Did you know it’s Banned Books week? I did, and I’ve spent some time reflecting on the whole notion of banning books….and blogs….and wikis…and Ning….and a whole slew of other things in schools this week….in the name of protecting children.
It’s interesting what we ban and what it is we allow, isn’t it?
Our notions of what it means to protect others….our understanding of what is truly threatening in this world…it’s all very muddy, isn’t it?
A few different things have been rattling around in my mind during this Banned Books week. I hadn’t intended to blog much about any of them. Time is tight, and I’m not often one to rant within this space. It may not be the proper forum, after all. I also know that ranting tends to do little good.
But tonight, it might make feel better, and that’s good enough for me.
Here is what I know:
I know that 1 in 4 girls in this country are sexually abused before they reach their eighteenth birthday. I know that 1 in 6 boys are as well. Isn’t it disturbing, what we allow?
I often wonder how many of the over 2000 children I’ve taught have lived with the consequences of that? How many of my friends? How many of yours?
The silence around this, particularly in the field of education, is something that has always concerned me. Isn’t it disturbing, what we allow?
This is an ugly topic, I know. I don’t think that this is necessarily why we don’t speak of it, though. I think it’s possible that too many of us have too much to say and none of those stories are the ones we want to keep at the forefront of our minds. We ban them from our own thoughts. We change the subject when others bring it up. We have happier work to do and far easier battles to fight against far less threatening demons, after all. These are the problems we will recognize. They are the issues we will ALLOW on the table.
Many of these problems are real. Far too many of them imagined. I would guess that engaging in mythical battles allows us to construct all sorts of impressive armor. Too bad it isn’t the kind that serves anyone very well. All of this effort might fulfill our desire to feel competent at protecting those we care about, but when all is said and done, is it any more than a bunch of distraction that diverts our energies away from our real work?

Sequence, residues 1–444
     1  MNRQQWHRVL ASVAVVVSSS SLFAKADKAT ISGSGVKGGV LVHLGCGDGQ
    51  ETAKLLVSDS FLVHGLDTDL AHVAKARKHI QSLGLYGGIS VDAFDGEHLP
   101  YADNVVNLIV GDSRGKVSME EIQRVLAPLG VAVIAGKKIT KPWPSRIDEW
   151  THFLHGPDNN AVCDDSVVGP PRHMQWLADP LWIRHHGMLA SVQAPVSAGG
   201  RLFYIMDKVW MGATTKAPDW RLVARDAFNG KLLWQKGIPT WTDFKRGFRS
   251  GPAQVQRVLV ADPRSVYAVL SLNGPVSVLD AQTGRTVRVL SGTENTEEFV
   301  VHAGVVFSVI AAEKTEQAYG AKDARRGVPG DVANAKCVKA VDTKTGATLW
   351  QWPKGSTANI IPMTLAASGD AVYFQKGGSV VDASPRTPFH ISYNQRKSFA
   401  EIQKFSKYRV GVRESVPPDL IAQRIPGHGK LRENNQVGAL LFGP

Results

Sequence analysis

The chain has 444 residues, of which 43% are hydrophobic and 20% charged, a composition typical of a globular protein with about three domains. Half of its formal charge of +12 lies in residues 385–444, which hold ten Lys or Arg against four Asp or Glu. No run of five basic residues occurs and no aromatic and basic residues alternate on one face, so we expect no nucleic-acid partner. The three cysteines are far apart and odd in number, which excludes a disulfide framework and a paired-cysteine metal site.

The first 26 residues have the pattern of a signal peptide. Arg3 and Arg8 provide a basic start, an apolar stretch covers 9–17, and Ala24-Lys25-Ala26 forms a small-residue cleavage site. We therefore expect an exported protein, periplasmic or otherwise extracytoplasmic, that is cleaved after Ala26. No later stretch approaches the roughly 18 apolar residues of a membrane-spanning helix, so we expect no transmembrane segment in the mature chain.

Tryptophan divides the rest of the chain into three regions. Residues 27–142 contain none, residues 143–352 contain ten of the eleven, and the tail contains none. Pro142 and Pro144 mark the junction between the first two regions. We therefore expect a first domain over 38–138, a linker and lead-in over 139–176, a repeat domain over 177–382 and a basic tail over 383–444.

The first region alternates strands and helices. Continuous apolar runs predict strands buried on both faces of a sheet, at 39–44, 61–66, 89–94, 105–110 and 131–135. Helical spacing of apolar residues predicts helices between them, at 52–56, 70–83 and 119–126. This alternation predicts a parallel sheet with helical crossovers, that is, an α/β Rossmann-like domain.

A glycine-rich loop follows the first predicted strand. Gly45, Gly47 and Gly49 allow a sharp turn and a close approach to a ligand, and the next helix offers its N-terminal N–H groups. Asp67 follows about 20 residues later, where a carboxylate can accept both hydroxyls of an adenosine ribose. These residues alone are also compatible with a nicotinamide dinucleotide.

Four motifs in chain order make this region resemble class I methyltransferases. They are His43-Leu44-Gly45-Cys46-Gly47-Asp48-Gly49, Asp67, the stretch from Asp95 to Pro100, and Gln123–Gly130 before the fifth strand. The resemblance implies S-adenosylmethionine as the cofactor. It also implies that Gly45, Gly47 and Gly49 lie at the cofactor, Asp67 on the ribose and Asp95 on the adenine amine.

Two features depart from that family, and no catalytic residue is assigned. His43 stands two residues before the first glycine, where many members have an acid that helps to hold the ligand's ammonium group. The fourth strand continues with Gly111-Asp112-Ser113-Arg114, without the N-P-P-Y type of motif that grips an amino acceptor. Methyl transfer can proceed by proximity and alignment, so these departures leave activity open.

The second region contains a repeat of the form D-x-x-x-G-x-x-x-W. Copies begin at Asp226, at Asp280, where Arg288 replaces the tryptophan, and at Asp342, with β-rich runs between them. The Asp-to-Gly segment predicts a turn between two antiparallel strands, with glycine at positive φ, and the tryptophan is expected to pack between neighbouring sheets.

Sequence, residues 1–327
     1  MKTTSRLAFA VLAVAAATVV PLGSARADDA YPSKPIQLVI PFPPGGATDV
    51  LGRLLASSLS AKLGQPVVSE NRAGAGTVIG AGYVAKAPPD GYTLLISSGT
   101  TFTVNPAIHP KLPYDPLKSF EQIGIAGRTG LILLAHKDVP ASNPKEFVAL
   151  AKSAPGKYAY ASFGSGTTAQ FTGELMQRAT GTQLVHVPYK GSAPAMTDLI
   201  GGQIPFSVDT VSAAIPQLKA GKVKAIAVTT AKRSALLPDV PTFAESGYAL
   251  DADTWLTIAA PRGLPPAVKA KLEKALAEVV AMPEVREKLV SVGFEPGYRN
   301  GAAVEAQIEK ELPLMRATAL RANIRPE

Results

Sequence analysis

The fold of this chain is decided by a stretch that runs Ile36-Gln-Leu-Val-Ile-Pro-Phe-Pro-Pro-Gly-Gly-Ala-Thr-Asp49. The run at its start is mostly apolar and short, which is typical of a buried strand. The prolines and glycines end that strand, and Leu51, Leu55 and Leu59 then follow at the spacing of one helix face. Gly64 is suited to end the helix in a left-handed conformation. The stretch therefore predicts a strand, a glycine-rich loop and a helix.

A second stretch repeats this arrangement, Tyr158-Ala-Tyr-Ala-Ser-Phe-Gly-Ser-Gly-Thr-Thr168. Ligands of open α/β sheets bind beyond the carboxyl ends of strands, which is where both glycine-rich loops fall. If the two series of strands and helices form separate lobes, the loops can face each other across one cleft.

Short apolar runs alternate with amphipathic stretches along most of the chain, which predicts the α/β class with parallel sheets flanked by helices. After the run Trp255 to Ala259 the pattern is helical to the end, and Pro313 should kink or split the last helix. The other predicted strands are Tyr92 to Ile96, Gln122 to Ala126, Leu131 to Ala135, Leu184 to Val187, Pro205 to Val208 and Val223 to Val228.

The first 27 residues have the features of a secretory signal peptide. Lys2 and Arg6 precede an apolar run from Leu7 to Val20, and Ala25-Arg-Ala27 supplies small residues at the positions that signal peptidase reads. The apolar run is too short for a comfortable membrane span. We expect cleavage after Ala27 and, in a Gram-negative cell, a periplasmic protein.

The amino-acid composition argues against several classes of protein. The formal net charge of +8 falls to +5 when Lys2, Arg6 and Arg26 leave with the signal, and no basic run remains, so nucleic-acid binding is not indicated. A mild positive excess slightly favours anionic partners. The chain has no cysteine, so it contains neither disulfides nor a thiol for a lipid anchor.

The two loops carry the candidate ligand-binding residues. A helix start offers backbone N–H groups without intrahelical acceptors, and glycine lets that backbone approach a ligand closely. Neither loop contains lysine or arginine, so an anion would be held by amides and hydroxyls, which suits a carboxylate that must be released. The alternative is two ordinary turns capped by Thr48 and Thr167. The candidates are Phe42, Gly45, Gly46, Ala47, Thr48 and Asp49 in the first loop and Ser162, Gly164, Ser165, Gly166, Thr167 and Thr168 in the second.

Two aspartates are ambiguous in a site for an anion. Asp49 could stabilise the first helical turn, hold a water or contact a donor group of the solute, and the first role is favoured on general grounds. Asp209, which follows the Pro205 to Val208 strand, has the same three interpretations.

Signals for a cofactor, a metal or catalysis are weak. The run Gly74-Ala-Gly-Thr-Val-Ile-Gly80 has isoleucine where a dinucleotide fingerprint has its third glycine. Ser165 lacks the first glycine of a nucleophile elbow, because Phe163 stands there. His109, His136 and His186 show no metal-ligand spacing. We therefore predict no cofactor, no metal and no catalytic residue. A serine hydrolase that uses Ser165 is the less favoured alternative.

I could share a thousand examples of where I’ve witnessed this theory in action. For example: school districts are often more concerned about potential online predatory behaviors than they seem to be about the very real traumas that are silently scarring students in every building across this country every single day. I’ve watched districts invest more time and money in maintaining their fancy filters and BANNING the use of essential technologies than they’ve invested in checking out the photographers they’ve ALLOWED into their buildings to capture and then keep the digital images of every child in their buildings. Isn’t this disturbing?
Sometimes, I think we’ve lost our minds. Case in point:
I understand Samantha Geimer’s need to maintain her privacy. She’s a dramatic example of why victims don’t often tell their stories. I wish she wouldn’t dismiss Polanski’s behavior, though. She may have recovered, but so many others haven’t. Survivors need to bear witness to these crimes in order to honor their own truth. There’s more though, I think. Whenever we dismiss, defend, or protect those who victimize others, we perpetuate a world that ALLOWS these acts. We become a bigger part of the problem. I’m pretty sure Alice Walker would endorse that perspective.
I wonder if Whoopi remembers her. Ironically, The Color Purple is #17 on this ALA List of the Top 100 Most Challenged Books. But you can watch Whoopi defend Roman Polanski any old time you would like. Isn’t it disturbing…what we ban…and what we allow?